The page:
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Paul Butler to Deliver Inaugural Smith Lecture at W&L Law Named in honor of Leslie Devan Smith Jr. '69L, the law school's first African American graduate, the new lecture series celebrates the contributions of all students from underrepresented groups.

05-Paul-Butler-03-scaled-400x600 Paul Butler to Deliver Inaugural Smith Lecture at W&L LawPaul Butler

Paul Butler, Albert Brick Professor in Law at Georgetown University Law Center and a legal analyst on MSNBC, will deliver the inaugural Leslie Devan Smith, Jr. Lecture at W&L Law.

The lecture is scheduled for Wednesday, February 19 at 2:00 p.m. in the Millhiser Moot Court Room, Sydney Lewis Hall on the campus of Washington and Lee University. The event is free and open to the public.

The new lecture series, which honors the law school’s first African-American graduate, was launched thanks to the efforts of Professor Brandon Hasbrouck, a 2011 graduate of the law school. Hasbrouck was himself a path-breaking student at W&L Law as the first African-American editor-in-chief of the Washington and Lee Law Review.

Les Smith graduated from the law school in 1969. Last year, the Law School unveiled a new installation in Lewis Hall that celebrates Smith’s life and legacy. The display, located in the lobby outside the Millhiser Moot Court Room, tells the story of Smith’s arrival in Lexington, his many accomplishments as a student, and his all-too-short career with the U.S. Department of Justice before his tragic passing.

“In addition to recognizing the important contributions of Les Smith, this new lecture series will serve as a vehicle to celebrate the contributions of all students from underrepresented groups who have been a part of our community,” said Brant Hellwig, Dean of the School of Law.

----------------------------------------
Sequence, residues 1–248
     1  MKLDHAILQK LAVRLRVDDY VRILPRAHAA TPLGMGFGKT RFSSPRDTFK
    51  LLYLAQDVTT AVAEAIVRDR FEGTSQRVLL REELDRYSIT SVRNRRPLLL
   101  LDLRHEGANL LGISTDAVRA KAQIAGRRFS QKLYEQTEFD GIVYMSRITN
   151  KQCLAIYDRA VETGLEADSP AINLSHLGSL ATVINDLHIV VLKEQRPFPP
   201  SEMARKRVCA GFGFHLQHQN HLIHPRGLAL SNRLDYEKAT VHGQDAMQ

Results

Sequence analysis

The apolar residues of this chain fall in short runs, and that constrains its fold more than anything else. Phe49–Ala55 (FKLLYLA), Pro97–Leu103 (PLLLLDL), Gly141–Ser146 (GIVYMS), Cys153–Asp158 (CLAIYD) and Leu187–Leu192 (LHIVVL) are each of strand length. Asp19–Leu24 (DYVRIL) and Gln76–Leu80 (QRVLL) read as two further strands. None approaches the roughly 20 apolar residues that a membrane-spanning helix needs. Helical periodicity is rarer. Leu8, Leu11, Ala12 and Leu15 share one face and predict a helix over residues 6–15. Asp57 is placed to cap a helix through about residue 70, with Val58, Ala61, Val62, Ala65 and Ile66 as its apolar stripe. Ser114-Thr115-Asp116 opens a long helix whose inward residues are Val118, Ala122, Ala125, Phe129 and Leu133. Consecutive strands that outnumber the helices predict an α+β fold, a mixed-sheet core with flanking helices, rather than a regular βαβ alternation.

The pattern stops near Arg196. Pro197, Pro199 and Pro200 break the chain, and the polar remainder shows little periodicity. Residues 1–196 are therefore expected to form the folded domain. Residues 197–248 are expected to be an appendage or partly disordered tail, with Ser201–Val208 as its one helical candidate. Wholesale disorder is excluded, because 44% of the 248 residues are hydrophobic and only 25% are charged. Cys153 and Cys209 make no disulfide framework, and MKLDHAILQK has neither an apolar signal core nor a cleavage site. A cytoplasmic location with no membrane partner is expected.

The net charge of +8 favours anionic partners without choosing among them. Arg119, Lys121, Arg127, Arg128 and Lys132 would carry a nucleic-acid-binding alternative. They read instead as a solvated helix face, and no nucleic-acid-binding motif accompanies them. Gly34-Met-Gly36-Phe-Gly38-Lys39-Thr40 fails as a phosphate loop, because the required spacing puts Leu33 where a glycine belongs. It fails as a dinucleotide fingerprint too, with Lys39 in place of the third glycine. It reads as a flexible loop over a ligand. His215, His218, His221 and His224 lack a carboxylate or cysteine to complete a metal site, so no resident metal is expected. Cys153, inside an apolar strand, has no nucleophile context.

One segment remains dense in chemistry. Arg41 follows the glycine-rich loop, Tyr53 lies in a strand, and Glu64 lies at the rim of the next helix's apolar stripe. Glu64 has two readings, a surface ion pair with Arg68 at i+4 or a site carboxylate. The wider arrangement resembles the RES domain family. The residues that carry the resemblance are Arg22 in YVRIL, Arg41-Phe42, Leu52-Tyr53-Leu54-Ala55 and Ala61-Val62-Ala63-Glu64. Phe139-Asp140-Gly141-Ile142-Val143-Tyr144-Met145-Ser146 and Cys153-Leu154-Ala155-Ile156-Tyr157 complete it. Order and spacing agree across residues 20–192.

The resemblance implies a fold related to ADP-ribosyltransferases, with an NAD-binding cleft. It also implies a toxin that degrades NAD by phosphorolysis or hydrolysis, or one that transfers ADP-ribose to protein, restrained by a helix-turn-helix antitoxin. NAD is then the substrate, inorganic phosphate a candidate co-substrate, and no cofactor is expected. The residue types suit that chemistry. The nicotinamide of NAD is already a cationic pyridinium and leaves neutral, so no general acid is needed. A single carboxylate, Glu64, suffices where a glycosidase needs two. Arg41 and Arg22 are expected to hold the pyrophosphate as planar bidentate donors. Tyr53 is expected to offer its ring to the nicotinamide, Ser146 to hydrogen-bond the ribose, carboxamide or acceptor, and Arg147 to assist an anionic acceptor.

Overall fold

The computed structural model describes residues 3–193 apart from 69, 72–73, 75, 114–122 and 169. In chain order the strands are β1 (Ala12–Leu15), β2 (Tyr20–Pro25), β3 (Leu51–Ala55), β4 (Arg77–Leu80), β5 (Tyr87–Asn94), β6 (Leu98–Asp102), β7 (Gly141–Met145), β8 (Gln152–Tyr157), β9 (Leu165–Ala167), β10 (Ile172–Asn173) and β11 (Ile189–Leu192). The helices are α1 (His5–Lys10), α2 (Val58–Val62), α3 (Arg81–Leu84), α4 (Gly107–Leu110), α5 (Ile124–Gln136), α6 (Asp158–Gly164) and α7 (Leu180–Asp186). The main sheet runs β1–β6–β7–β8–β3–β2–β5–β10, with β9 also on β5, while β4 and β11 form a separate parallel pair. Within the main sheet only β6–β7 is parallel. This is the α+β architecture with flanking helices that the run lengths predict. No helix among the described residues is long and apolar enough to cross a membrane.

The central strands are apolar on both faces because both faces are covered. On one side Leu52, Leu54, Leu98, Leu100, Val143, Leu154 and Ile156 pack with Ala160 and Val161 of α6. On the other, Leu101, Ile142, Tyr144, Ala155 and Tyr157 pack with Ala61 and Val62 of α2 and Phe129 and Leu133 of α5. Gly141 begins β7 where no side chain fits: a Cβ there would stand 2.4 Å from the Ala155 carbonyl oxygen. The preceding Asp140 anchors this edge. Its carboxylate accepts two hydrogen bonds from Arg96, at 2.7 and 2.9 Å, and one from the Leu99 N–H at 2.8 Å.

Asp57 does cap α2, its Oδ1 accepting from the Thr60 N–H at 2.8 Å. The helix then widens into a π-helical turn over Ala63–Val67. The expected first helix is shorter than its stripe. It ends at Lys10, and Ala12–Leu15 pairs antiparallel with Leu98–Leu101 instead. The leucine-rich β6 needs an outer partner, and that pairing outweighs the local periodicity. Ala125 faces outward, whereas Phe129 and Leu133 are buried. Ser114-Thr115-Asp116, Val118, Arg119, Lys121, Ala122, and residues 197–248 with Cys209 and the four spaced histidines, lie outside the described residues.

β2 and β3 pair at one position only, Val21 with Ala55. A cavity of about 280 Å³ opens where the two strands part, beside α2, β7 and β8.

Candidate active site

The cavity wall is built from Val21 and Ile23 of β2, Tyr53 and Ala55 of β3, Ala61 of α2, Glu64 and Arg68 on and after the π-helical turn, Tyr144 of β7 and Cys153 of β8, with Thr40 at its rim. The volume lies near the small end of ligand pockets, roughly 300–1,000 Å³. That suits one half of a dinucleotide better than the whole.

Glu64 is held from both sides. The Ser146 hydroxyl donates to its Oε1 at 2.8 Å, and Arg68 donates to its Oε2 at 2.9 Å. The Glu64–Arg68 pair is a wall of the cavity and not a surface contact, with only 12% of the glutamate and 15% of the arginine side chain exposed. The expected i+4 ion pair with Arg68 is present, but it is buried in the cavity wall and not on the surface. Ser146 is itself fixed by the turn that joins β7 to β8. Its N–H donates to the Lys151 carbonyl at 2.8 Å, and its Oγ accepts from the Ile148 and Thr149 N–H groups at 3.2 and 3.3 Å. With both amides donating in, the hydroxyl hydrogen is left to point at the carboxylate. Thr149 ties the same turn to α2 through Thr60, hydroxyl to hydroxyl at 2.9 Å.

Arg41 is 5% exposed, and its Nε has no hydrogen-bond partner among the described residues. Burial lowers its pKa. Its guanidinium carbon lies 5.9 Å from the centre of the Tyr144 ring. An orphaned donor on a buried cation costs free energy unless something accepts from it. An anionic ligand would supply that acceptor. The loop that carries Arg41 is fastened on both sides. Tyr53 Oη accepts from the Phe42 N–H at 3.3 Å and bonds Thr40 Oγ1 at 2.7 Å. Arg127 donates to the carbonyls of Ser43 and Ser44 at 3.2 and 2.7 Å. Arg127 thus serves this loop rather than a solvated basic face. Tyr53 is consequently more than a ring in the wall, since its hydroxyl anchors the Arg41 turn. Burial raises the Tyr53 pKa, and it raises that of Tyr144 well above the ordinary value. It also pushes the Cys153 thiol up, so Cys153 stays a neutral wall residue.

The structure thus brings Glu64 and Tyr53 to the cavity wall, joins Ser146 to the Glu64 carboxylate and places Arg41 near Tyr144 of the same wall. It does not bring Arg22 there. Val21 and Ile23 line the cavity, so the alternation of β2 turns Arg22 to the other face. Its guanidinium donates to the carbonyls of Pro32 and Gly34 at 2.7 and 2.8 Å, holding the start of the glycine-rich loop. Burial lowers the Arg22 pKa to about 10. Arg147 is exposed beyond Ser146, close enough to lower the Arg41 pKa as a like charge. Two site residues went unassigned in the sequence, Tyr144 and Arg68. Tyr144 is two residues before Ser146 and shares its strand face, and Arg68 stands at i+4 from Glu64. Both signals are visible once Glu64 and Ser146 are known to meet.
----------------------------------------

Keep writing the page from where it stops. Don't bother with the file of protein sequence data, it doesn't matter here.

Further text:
Paul Butler is one of the nation’s most frequently consulted scholars on issues of race and criminal justice. His work has been profiled on 60 Minutes, Nightline, and the ABC, CBS and NBC Evening News. He lectures regularly for the American Bar Association and the NAACP, and at colleges, law schools, and community organizations throughout the United States.  He serves on the District of Columbia Code Revision Commission as an appointee of the D.C. City Council.

Professor Butler’s lecture, titled “Prison Abolition, and a Mule,” examines incarceration as a relatively recent development in the history of punishment.

“The first modern prison was constructed in Philadelphia in the early 1800s,” writes Butler. “The American penitentiary was intended as a reform, making the institution of punishment more humane and rehabilitative. By virtually any measure, prisons have not worked. They are sites of cruelty, dehumanization, and violence, as well as subordination by race, class, and gender. Prisons traumatize virtually all who come into contact with them. Abolition of prison could be the ultimate reform.”

In his lecture, Professor Butler will suggest what would replace prisons, how people who cause harm could be dealt with in the absence of incarceration, and why abolition would make everyone safer and our society more just.

Professor Butler’s scholarship has been published in many leading scholarly journals, including the Georgetown Law Journal, Yale Law Journal, Harvard Law Review, Stanford Law Review and the UCLA Law Review.  He was named the Professor of the Year three times by the George Washington University School of Law graduating class during his tenure as a professor there. He was elected to the American Law Institute in 2003.  Professor Butler’s book “Let’s Get Free: A Hip-Hop Theory of Justice” received the Harry Chapin Media award.

His book “Chokehold: Policing Black Men” was published in July 2017. The Washington Post named it one of the 50 best non-fiction books of 2017.  Chokehold was also named one of the best books of the year by Kirkus Reviews and the Atlanta Journal Constitution.  The New York Times described Chokehold as the best book on criminal justice reform since The New Jim Crow.  It was a finalist for the 2018 NAACP Image Award for best non-fiction.

Professor Butler served as a federal prosecutor with the U.S. Department of Justice, where his specialty was public corruption.  His prosecutions included a United States Senator, three FBI agents, and several other law enforcement officials.

Professor Butler is a graduate of Yale University and Harvard Law School. During the 2017-18 academic year, he was the Bennett Boskey Visiting Professor at Harvard Law School.  He holds an honorary Doctor of Law Degree from City University of New York.